Jen Hadfield and the poetry crowd
Have you ever wondered what happens when you get a lot of poets and fans of poetry crammed into the same room? John Walsh writes at The Independent about the TS Eliot poetry award, which he hosted earlier this week.
When I first attended a PBS (Poetry Book Society) readings evening, which features short-listed poets, it was a modest enterprise, attended by maybe 50 souls who’d grudgingly ventured out into the January night. Long trench coats hung from the backs of wooden chairs, and the poets had to clamber over each other to reach the stage. As years went by, word spread about the readings, and more people came, forcing the Society to book a 550-seat auditorium at the Bloomsbury Hotel. Last year, it was so crowded, there was some unseemly barging for space in the front row – not something one associates with poetry-lovers. This year, the organisers took a chance on hiring the 950-seat Queen Elizabeth Hall on London’s South Bank. By 7.30 on Sunday, it was crammed to the gills and I had the honour of being Master of Ceremonies.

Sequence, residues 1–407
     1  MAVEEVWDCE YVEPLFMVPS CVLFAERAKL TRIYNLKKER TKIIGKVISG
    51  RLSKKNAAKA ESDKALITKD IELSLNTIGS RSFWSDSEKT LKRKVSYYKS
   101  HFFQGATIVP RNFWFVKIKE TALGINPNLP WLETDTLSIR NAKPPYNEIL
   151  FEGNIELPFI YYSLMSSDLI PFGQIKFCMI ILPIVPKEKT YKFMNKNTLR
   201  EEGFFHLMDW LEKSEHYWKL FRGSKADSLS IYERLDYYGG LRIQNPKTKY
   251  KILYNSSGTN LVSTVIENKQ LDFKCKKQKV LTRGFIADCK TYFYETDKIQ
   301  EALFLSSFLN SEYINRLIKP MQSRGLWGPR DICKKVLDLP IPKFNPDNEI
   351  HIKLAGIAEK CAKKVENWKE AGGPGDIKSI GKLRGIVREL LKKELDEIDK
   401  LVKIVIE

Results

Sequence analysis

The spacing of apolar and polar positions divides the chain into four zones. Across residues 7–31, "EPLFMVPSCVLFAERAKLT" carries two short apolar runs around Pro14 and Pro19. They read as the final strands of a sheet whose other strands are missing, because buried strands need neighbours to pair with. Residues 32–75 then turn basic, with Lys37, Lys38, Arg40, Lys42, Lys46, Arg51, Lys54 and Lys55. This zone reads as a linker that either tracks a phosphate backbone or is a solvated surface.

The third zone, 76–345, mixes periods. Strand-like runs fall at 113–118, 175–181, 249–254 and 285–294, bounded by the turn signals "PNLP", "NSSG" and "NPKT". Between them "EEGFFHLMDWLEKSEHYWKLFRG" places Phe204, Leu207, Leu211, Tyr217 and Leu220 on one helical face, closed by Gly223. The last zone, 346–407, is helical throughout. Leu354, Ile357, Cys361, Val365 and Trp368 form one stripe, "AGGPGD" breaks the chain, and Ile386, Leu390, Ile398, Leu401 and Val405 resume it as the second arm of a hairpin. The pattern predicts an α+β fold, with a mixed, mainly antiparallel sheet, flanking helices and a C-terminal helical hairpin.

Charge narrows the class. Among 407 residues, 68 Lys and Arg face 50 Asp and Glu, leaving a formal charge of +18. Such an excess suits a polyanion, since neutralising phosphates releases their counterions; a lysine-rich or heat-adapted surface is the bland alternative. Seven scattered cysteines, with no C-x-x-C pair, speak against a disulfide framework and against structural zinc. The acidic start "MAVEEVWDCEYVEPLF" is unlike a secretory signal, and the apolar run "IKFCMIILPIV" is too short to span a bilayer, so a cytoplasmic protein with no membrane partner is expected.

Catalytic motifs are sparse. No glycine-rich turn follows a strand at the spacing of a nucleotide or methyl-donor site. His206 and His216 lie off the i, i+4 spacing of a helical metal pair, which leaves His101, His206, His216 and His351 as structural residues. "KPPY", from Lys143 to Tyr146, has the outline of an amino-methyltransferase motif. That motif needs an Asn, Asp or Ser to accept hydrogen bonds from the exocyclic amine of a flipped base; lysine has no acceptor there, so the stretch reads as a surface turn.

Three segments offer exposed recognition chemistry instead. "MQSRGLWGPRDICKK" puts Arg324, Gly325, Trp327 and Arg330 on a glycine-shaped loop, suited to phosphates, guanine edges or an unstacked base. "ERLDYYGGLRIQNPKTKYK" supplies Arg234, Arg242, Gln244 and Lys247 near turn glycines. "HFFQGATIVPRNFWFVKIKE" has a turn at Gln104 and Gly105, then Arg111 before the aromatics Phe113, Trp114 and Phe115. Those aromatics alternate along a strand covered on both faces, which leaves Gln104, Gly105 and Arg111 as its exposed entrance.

Self-portrait as a Fortune-telling Miracle Fish by Jen Hadfield
I’m disappointed in the gods that formed me thus
in the likeness of the wall-eyed Halibut;
in my longing, a Meagre or Eelpout;
in my maudlin, a Poor Cod or Bitterling.
I’m disgusted with whichever of you
to be my consort, my symbiotic groupie
and yet some rogue demi-deity
gave a posy of dubious virtues –
made me transparent; electric;
a Wide-eyed Flounder; a Crystal Gobi;
a Stargazer; a Velvet-belly;
a Deepsea Angler, blind,
were it not for this proboscis
that lets me troll my little lantern
in the silt and dim
off the continental shelf.
And my daemon’s a dogfish – I think –
A Starry Hound, a blunt and hungry hobo,
scrounging, starveling, sleeping on the go.